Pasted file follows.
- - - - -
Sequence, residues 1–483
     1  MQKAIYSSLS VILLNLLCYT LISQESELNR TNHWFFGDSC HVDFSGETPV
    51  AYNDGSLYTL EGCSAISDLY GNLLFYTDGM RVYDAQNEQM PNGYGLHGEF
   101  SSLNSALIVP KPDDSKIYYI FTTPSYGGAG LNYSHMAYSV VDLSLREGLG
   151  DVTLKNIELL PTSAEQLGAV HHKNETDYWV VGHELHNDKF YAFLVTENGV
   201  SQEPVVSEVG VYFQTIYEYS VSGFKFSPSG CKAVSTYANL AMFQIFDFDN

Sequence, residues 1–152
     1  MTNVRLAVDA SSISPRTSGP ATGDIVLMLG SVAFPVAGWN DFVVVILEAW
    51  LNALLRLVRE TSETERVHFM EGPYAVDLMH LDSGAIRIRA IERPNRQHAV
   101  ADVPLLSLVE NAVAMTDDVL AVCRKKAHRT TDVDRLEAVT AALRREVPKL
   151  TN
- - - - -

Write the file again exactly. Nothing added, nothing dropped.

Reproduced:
Sequence, residues 1–483
     1  MQKAIYSSLS VILLNLLCYT LISQESELNR TNHWFFGDSC HVDFSGETPV
    51  AYNDGSLYTL EGCSAISDLY GNLLFYTDGM RVYDAQNEQM PNGYGLHGEF
   101  SSLNSALIVP KPDDSKIYYI FTTPSYGGAG LNYSHMAYSV VDLSLREGLG
   151  DVTLKNIELL PTSAEQLGAV HHKNETDYWV VGHELHNDKF YAFLVTENGV
   201  SQEPVVSEVG VYFQTIYEYS VSGFKFSPSG CKAVSTYANL AMFQIFDFDN

Sequence, residues 1–152
     1  MTNVRLAVDA SSISPRTSGP ATGDIVLMLG SVAFPVAGWN DFVVVILEAW
    51  LNALLRLVRE TSETERVHFM EGPYAVDLMH LDSGAIRIRA IERPNRQHAV
   101  ADVPLLSLVE NAVAMTDDVL AVCRKKAHRT TDVDRLEAVT AALRREVPKL
   151  TN